"I wanted to do research to find a cure for my disease. But this vision has been snatched away from me."

Even with a PhD from IIT Madras this visually impaired scientist cant get the job he deserves
news Human Rights Tuesday, April 25, 2017 - 09:15

For the last two years, 30-year-old Akash Gupta has been travelling across the country with his aged mother, looking for a suitable job. With a Doctorate in Chemistry, and that with an IIT Madras tag, it would seem an easy task for this bright man to find employment and support his family. 

But, soon after he received his PhD, Akash realised that most employers were blind to the degree that adorned his name. Instead, all that they saw was his inability to see. 

Born to a financially backward family in Madhya Pradesh, Akash was diagnosed with retinitis pigmentosa while he was still in high school. Retinitis pigmentosa is a condition that causes severe vision impairment due to the progressive degeneration of cells in the retina.

There is currently no cure for it, and Akash battled on with his deteriorating vision to complete his Master’s degree in Chemistry. Having always been passionate about the subject, he decided to pursue a doctorate and secured a seat at IIT-Madras in 2010. 

"It was the first time I was leaving home and wanted to do this despite my poor vision.  I thought a sound education will help me overcome the disadvantages this disease has given me and would secure my future," says Akash. "But now, despite slogging for five years to get a doctorate, I remain unable to help my family, which is struggling financially," he says, his voice breaking. 

When Akash arrived in Chennai, he was certified as '75% disabled'. But, with the vision he possessed, he persevered through the towering workload his course entailed. He successfully completed his thesis, and his research papers were published in international journals. His work, he says, was even recognised among the Top 25 Hottest Articles in the field of Chemical Engineering in 2015 by Science Direct.

Encouraged by these achievements, he applied for posts in institutes and organisations such as IIT Roorkee, IIT Kanpur, MNIT, NIT Karnataka, IISER Bhopal, IISER Kolkata and ONGC. But what he faced was outright rejection due to his vision impairment, delays in declaration of results after an interview or worse, the lack of an offer letter after selection.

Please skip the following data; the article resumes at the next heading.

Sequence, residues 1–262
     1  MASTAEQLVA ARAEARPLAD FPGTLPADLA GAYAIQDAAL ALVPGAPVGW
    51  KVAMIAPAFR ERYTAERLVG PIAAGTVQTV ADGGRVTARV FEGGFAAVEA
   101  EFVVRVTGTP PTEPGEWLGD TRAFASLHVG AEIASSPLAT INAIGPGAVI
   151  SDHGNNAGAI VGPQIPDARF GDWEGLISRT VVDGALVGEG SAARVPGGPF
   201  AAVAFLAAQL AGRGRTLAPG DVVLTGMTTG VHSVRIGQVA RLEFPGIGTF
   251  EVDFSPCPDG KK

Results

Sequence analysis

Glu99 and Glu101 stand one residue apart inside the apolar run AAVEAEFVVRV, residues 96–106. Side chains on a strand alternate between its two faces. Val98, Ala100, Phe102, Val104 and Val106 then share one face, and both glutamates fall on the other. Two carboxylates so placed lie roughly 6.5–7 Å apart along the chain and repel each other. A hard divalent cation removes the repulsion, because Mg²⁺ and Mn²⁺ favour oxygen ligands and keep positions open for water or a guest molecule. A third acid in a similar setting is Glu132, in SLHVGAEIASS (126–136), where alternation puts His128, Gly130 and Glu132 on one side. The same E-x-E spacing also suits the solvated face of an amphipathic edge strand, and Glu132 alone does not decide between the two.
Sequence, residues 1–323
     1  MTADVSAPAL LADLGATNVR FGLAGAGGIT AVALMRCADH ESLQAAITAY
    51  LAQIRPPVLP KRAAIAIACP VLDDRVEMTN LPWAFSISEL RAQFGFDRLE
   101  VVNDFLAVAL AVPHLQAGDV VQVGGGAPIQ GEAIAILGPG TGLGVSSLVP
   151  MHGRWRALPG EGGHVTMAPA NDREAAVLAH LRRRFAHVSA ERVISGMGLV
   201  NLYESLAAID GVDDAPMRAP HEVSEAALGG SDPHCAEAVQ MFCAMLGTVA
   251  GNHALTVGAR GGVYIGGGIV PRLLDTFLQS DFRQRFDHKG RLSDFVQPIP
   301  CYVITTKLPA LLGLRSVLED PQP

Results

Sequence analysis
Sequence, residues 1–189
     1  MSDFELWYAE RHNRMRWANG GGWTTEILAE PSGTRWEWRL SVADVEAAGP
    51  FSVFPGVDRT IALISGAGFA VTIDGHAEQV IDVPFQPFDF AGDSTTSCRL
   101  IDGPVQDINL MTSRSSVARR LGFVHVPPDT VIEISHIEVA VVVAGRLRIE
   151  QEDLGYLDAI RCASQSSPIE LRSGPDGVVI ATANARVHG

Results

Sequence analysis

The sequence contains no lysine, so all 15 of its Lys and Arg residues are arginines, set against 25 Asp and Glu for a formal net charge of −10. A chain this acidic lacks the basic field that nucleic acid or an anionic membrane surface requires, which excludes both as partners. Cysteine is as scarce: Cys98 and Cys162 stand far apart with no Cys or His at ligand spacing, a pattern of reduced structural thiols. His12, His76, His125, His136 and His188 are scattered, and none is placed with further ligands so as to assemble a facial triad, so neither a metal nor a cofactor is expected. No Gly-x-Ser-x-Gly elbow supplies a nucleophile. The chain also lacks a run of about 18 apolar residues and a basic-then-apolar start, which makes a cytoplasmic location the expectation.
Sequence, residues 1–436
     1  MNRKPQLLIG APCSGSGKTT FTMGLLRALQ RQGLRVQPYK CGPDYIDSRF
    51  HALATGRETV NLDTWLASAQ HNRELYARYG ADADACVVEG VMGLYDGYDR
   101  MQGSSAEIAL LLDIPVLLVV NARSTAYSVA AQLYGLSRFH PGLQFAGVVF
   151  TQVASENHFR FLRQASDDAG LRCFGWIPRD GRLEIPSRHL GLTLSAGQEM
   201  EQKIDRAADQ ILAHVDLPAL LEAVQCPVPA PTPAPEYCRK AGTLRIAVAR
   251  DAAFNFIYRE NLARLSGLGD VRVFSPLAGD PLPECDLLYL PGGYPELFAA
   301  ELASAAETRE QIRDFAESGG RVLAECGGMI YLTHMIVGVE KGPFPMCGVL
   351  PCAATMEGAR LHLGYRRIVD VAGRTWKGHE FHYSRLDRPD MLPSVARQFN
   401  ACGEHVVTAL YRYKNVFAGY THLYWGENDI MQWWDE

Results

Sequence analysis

"For two years, I applied everywhere for a job. I want to be a Professor or a Research Assistant but nobody is willing to hire me. Most of the time, they are ready to even keep a seat vacant instead of taking me," he says.

"I have completed this PhD by myself. In fact, my eyesight even deteriorated because of the constant exposure to chemicals and computer screens. But I kept at it, hoping for a better life. The Government, these institutes and even my education has failed me," he says dejectedly. 

Activists, who spoke to The News Minute about Akash's plight, say that he has been a victim of blatant discrimination. The institutions' inability to identify posts for disabled persons, they say, goes against a Supreme Court order that dictates 3% reservation for disabled persons in all posts and services under the Government of India.  

" The Centre must intervene to help this talented man. It is no easy task to complete a PhD in Chemistry and that shows the level of technical knowledge he possesses," says TMN Deepak, President of the disability rights group, December 3 Movement.

"A panel should be formed by the Government and a suitable job must be immediately identified, according to his knowledge and skill. If they believe that his visual impairment will stop him from being a good Professor or Research Assistant, then the employers are the one with the real disability to see the truth," he adds. 

Akash is currently in Chennai and has applied for the post of a technical superintendent (who supervises processes in laboratories) in an educational institute. "I know I am over qualified for the post. But what can I do? My father is ill and can no longer work. I can't ask my mother to accompany me everywhere. I am desperate and need a source of income," he laments.

The once ambitious student has even discarded his dream of doing research. "I wanted to become a scientist so that I can find a cure for the disease I suffer from. I wanted to help everyone who faces this problem. But now, this vision too has been snatched away from me," he says in utter resignation.

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